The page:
Jackson Free Press / 13 h. 57 min. ago more
  • Fannye Cook - Jackson Free PressFannye Cook - Jackson Free Press

    Jackson Free PressFannye CookJackson Free PressThose who are not involved in the natural-science community may not know as much about her, however, other than her exhibit at the Mississippi Museum of Natural Science. The conservationist and scientist was instrumental in establishing the state's ...

    Google News / 13 h. 58 min. ago
  • Snow falls across MississippiSnow falls across Mississippi

    JACKSON, Miss. (WJTV) — Snow is coming down across the Magnolia State. WJTV 12 has crews throughout the Metro area reporting on conditions. The Department of  Transportation advises for drives to stay off the roads. JPD issued a travel advisory as well, encouraging drivers to use caution on bridges and overpasses.

    WJTV / 14 h. 4 min. ago
  • Welfare check leads to the arrest of a 76-year-old manWelfare check leads to the arrest of a 76-year-old man

    LAUREL, Miss.(WHLT) – A man in Laurel is arrested and charged after a welfare concern complaint. At around 9:11 a.m. on January 13, officers responded to Pine Lake Drive for a welfare check. The complainant relayed concerns about the well-being of an elderly female. After officials arrived on scene, they arrested Ben Council, 76, due to home conditions, temperature and an assault that occurred against the victim. Council appeared in Laurel Municipal Court over the weekend for the charge of Abuse and Neglect of a Vulnerable Person. His bond was set at $25,000. The elderly female was transported to SCRMC for treatment. Anyone with information about this case or any other case are encouraged to call LPD at 601-399-4440 or Crime Stoppers at 601-428-STOP.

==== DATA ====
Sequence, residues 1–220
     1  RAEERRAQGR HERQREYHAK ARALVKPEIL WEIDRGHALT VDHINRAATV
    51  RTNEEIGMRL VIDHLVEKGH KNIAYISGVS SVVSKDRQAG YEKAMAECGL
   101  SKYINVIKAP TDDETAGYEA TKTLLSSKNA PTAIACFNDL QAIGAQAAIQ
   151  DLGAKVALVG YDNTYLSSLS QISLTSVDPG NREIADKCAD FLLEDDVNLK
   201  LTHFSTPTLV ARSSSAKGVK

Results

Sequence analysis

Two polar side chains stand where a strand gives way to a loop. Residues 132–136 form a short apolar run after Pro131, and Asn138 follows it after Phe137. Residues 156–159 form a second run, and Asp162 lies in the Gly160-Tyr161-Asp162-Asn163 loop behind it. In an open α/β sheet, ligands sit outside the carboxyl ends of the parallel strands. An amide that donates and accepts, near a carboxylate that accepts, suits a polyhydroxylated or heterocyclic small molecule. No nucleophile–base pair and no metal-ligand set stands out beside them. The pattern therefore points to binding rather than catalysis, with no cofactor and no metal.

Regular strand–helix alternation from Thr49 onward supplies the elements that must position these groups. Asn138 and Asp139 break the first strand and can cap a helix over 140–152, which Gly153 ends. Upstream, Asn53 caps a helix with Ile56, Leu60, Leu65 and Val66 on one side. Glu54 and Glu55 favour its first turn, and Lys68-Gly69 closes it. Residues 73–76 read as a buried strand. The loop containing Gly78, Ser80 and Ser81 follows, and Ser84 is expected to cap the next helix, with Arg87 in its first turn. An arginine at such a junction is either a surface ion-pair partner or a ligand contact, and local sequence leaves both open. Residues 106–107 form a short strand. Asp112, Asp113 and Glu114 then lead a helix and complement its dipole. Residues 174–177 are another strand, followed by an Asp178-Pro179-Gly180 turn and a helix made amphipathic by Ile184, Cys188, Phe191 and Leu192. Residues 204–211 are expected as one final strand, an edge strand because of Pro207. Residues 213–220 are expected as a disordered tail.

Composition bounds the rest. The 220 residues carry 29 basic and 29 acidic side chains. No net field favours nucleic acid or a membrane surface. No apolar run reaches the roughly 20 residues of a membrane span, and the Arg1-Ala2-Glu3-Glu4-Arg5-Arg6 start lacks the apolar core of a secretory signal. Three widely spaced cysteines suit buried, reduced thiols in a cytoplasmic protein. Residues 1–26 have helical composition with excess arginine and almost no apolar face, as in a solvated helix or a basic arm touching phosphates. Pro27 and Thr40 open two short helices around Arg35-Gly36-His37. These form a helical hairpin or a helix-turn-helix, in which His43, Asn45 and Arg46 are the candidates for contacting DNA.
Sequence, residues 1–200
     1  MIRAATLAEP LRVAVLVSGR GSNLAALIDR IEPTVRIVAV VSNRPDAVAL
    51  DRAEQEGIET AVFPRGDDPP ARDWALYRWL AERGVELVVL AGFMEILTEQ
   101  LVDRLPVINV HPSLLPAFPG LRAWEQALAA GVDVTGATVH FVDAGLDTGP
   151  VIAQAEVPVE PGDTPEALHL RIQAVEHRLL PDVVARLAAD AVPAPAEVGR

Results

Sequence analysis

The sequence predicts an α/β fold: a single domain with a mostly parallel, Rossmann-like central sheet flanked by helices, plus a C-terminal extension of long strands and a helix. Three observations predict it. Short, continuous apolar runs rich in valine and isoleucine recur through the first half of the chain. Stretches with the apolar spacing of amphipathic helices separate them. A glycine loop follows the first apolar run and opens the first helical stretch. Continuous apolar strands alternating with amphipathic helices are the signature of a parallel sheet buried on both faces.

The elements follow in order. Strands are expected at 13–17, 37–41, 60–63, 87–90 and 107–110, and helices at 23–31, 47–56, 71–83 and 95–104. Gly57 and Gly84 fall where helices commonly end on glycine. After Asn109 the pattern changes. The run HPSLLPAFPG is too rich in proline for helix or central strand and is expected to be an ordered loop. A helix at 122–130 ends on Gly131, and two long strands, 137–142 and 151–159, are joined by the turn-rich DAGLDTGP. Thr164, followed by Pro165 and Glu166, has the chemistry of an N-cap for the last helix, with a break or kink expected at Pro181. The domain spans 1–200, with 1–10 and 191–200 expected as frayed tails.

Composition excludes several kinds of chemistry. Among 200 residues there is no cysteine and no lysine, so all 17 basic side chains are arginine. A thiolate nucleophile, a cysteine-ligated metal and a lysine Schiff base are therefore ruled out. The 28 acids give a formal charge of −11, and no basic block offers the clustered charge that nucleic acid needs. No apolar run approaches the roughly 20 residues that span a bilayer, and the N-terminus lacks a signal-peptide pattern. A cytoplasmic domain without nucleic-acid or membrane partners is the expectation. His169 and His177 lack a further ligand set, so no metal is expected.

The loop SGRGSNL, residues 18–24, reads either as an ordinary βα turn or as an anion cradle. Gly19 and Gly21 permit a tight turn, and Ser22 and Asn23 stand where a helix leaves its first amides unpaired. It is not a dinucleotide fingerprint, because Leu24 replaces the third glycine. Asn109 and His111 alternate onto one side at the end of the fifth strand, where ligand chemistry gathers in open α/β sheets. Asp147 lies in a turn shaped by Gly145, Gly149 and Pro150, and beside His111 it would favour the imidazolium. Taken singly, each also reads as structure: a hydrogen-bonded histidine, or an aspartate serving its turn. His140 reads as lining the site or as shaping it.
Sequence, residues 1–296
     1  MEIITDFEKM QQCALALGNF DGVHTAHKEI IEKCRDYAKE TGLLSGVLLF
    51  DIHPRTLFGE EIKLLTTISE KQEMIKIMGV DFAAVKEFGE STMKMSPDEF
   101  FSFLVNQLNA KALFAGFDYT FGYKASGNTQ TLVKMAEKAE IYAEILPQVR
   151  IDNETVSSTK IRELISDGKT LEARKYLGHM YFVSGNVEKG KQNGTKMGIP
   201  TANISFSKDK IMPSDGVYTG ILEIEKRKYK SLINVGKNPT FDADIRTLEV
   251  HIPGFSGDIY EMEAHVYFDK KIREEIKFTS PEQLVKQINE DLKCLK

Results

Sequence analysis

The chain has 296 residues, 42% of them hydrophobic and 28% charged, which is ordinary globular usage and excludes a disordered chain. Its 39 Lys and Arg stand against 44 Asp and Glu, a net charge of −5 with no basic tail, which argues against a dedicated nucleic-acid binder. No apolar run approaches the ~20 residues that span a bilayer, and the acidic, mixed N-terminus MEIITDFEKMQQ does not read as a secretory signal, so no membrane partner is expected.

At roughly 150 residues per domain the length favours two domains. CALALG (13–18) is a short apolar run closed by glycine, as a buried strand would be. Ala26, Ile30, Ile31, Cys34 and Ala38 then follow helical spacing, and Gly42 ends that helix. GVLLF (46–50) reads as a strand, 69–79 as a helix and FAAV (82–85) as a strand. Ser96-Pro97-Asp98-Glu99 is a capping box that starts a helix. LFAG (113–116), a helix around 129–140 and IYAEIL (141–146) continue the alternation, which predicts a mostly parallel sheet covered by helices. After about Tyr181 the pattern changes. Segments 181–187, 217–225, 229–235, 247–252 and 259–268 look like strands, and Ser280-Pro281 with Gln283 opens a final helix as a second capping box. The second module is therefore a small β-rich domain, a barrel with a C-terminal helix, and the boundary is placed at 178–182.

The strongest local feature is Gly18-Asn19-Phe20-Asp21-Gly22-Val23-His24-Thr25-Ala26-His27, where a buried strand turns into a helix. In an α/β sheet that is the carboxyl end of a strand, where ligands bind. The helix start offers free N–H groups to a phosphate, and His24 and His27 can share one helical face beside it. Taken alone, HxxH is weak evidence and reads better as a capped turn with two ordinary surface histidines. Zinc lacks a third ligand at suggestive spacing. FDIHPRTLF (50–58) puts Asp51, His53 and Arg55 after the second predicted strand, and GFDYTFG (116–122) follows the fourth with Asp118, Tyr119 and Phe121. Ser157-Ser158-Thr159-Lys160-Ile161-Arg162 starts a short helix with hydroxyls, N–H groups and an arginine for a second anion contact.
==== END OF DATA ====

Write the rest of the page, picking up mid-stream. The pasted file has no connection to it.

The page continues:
WJTV / 14 h. 5 min. ago more
  • Snow, ice coat roads and bridges in Mississippi - Jackson Clarion LedgerSnow, ice coat roads and bridges in Mississippi - Jackson Clarion Ledger

    Jackson Clarion LedgerSnow, ice coat roads and bridges in MississippiJackson Clarion LedgerPhil Bryant Monday ordered agency heads to delay opening state offices on Tuesday until 10 a.m., due to expected winter weather, and schools throughout the metro Jackson area, including Jackson Public Schools, will be closed. Mississippi State ...Winter Weather School & Business Closures January 16, 2018Mississippi Public Broadcasting (blog)all 4 news articles »

    Google News / 15 h. 45 min. ago more
  • MS Jackson MS Zone Forecast - Argus PressMS Jackson MS Zone Forecast - Argus Press

    MS Jackson MS Zone ForecastArgus Press689 FPUS54 KJAN 161559. ZFPJAN. Zone Forecast Product. National Weather Service Jackson MS. 958 AM CST Tue Jan 16 2018. MSZ048-170600-. Hinds-. Including the city of Jackson. 958 AM CST Tue Jan 16 2018 ...HARD FREEZE WARNING IN EFFECT UNTIL NOON CST ...and more »

    Google News / 17 h. 41 min. ago
  • As snow coats roads in Deep South, Louisiana freeways closeAs snow coats roads in Deep South, Louisiana freeways close

    Snow falling in Louisiana during the pre-dawn hours prompted the closure of multiple interstates as a winter weather system took aim at other states across the Deep South, forecasters said. Snow was falling before dawn Tuesday in Louisiana and Mississippi, and was expected to move into Alabama and Georgia later Tuesday.